to $75000 (for investments of up to $250,000 per year) to residents
who invest in small businesses in the province. Effective 2014, the
SBITC now also allows corporations and trusts to be eligible for a
15% tax credit on investments up to $500,000.
Must be an existing business in NB, have a comprehensive
business plan and investment plan, and at least 75% of employees
must reside in NB.
The investor must leave their money in for 5 years minimum at
which time they can choose to redeem their shares or leave them
in. Many businesses offer an additional return on investment, i.e
prime plus 1%.
Coming to NB by Jan 2015: A CEDIF is a pool of capital, formed
through the sale of shares to investors within a defined community
(geographical, economic, cultural or industrial), and created to
operate or invest in local businesses. CEDIFs provide access to
capital for social enterprises and co-ops and can focus on
developing many businesses in a community (blind pool), such
food producers, or on a larger specific investment, such as a
processing facility for local products.
Like the SBITC, individual investors receive a 30% tax credit (up to
$75000) and corporations at 15% credit (up to $75000). Both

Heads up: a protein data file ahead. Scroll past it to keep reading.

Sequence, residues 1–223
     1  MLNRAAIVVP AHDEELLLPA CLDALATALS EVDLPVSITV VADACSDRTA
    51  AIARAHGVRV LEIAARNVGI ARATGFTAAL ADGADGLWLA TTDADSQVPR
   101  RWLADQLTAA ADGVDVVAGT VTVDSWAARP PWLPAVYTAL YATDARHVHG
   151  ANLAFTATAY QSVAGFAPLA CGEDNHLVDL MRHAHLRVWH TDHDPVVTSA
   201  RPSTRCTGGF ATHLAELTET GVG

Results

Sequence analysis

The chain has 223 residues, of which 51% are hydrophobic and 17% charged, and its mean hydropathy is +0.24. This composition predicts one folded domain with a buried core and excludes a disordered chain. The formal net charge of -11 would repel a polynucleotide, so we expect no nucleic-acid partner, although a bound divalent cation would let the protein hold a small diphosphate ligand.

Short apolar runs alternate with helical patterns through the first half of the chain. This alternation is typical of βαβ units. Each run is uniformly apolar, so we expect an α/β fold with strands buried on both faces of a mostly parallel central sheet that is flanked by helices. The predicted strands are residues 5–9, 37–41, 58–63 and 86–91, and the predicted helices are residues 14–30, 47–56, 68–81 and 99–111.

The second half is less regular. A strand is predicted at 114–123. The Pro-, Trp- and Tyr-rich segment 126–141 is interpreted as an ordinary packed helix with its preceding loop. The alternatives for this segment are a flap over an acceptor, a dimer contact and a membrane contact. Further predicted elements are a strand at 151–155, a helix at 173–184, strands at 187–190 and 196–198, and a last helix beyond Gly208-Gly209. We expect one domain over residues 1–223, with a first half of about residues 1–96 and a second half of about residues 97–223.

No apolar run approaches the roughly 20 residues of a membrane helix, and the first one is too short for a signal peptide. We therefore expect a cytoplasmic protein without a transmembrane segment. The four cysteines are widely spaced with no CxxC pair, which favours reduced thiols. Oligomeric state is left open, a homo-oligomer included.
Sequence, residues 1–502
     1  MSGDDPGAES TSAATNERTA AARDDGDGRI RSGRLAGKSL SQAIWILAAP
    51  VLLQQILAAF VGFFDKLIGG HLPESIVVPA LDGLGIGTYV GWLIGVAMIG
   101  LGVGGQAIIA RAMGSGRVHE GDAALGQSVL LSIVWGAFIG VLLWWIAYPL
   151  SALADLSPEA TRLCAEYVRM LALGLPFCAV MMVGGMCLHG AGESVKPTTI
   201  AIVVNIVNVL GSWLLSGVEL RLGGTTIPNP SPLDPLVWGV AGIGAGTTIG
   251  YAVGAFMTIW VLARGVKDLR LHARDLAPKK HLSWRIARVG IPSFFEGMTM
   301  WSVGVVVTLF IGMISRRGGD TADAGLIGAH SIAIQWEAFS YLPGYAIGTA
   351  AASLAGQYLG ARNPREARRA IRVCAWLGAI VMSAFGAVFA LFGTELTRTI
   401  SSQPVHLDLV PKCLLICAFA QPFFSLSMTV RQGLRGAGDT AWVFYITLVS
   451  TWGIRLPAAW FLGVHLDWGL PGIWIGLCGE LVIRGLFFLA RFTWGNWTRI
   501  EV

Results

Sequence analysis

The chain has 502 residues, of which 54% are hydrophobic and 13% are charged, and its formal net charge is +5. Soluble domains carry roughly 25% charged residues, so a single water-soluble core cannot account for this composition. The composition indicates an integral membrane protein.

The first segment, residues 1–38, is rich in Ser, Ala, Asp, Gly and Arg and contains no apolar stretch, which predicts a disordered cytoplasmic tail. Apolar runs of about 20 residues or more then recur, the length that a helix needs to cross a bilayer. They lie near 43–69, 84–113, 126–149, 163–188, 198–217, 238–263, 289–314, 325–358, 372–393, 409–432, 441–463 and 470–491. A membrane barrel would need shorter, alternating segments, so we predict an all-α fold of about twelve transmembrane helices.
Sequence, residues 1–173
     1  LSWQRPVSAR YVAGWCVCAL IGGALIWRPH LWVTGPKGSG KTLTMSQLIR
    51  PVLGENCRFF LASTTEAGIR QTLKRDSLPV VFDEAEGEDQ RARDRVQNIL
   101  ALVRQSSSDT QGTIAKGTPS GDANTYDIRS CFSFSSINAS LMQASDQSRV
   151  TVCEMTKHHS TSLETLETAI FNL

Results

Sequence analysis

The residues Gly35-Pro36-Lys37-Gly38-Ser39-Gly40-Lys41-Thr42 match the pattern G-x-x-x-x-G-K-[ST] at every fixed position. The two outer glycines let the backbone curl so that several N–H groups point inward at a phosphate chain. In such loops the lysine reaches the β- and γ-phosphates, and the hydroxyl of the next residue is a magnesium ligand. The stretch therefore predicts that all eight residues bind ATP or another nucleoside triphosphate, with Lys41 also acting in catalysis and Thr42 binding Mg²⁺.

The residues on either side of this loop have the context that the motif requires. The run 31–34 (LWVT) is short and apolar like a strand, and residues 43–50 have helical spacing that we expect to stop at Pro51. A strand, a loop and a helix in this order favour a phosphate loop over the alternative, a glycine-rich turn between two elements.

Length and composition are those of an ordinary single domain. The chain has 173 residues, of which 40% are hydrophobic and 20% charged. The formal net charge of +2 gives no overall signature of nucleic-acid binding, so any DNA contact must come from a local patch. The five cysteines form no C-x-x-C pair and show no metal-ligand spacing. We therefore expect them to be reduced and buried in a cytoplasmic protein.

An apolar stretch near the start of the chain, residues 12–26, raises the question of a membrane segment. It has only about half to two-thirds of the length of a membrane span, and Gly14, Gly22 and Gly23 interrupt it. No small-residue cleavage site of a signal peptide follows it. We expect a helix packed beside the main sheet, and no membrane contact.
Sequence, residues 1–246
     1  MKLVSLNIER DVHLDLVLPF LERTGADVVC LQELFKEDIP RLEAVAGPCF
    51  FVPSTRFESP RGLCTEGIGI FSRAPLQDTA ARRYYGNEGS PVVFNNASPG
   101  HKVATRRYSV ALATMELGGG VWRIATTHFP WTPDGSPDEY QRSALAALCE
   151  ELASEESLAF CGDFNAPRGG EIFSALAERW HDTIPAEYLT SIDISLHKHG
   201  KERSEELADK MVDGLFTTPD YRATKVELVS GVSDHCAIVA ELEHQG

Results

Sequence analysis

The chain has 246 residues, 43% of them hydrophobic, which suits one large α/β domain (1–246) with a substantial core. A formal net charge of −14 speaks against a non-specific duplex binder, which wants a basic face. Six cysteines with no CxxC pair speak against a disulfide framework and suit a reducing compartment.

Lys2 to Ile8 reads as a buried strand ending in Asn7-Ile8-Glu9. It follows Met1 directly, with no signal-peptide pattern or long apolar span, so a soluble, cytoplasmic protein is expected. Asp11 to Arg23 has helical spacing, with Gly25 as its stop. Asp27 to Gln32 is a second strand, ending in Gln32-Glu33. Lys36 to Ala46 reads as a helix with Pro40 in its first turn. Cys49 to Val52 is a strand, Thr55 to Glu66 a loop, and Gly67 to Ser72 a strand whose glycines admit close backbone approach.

must leave their investment in for at least 5 years.
May offer additional ROI
Must have at least six directors elected from the community.
May be eligible for an individual’s self-directed RRSP.
Donation-based Crowdfunding: supporters essentially donate
money to support a cause and may receive in exchange a "thank
you", a special mention, or even a gadget, but in any case the
pledge is essentially a gratuity. (KIVA)
Reward-based Crowdfunding, in which the backer receives a
reward with a clear monetary value in exchange of the pledge.
The reward is often a product or a pre-series item that the backer
helped produce by pledging money. In this case the money
pledged is similar to paying for a pre-order of a product or service.
Equity-based Crowdfunding, in which the backer receives
shares of a company in exchange of the money pledged. In this
case the money is pledged in the form of risk capital. Legislation
for this is currently being developed for NB. Ceiling being
considered is up to $1.5 million with a cap of $2500 per investor.
A social impact bond (SIB) is a “pay-for-success” contract where
a commissioning body – typically the government – commits to
pay for the achievement of a particular desired social outcome,
i.e. reduction in incarceration/hospitalization.
Through a SIB, private investment is used to finance social
interventions. Provided that agreed upon social outcomes and
savings to government are achieved, financial returns to
investors are paid by government.
Need to establish objective, measurable metrics to quantify
outcomes and mitigate external factors.
Investors risk not receiving their money back let alone an ROI.
NB’s first potential SIB is being planned. NS, Alberta and
Ontario are also in the planning process.
Projects currently happening in other parts of the world. Obama
administration has committed $500 million in the US
Phone: (506) 227-9607